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Northern lights caught on video

Michael Ericsson Visuals

An auroral display dominates the sky over Tibbitt Lake in Canada's Northwest Territories on the night of Aug. 6.

Last week's solar storms sparked auroral displays as far south as Colorado and Nebraska over the weekend, but the best viewing was available way up north — for example, Canada's Northwest Territories, where photographer Michael Ericsson captured this amazing picture.

"It's one of the better spots in the world to see the aurora," Ericsson told me over the phone today from Yellowknife. He says you can see the northern lights on pretty much any clear night, "if you're out for enough hours."

Ericsson knew that the weekend would be prime time for aurora-viewing, thanks to a series of solar eruptions that started on Aug. 2. The outbursts didn't cause significant disruptions in satellite operations, communications or power grids, as some had feared, but they put on a heck of a show over Tibbitt Lake, where Ericsson set up his camera equipment. He put together a time-lapse series of the auroral display — shot at three-second intervals with a Nikon D3s at ISO 6400 — to produce this must-see video. (Make sure you're seeing this in PhotoBlog's wide-screen format.)

Ericsson says he's seen brighter auroral displays, particularly during the long northern winter, but this one was special nevertheless. "It's really neat getting a summer aurora, because in Yellowknife we're still not getting complete darkness," he told me, "and that's part of the reason why I didn't see it as the most intense aurora."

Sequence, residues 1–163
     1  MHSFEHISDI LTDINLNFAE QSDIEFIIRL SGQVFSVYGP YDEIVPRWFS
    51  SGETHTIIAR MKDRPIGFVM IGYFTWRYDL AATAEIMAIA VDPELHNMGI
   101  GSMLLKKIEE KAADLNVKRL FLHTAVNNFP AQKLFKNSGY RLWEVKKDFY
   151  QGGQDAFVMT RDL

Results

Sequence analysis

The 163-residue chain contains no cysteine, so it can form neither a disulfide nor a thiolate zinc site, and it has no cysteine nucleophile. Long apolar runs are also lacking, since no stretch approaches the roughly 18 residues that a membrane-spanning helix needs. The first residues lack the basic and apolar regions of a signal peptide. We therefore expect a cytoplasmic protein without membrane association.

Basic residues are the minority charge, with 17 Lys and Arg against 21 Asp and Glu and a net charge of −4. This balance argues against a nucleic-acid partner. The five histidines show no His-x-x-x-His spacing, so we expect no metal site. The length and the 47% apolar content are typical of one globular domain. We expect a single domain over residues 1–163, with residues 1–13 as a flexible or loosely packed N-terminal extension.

He and a couple of friends traveled to Canada's Nunavut territory in April to document the northern lights there and also gather some oral history from the local elders. Here's yet another must-see video that features the sights of the lights and the sounds of Alice Ayalik, telling tales of the aurora in her native tongue:

Check out Ericsson's Vimeo website as well as his blog and MichaelEricsson.com for much, much more from the Great White North.

Ericsson wasn't the only one to catch last weekend's show. Yuichi Takasaka's time-lapse video offers a subtler look at the aurora, punctuated by passing clouds and airplanes. Takasaka specializes in views of the night sky, focusing on the northern lights as well as noctilucent clouds and the International Space Station. This view of the Aug. 5 aurora was captured from Burton Campground in British Columbia:    

Yuichi Takasaka captured this time-lapse view of the Aug. 5 aurora from British Columbia's Burton Campground.

Check out Takasaka's Blue Moon Promotions website for more.

SpaceWeather.com offers a whole gallery of photos and videos featuring this month's auroral displays, and the show may not be over just yet: Just today, the most powerful flare in years blasted out from the sun. The flare was not directed toward Earth (which is a good thing), but it still might spark a fresh wave of auroras later this week. To learn more about how auroras arise, and how best to see them, check out this FAQ page from the University of Alaska's Geophysical Institute.

More about auroras:

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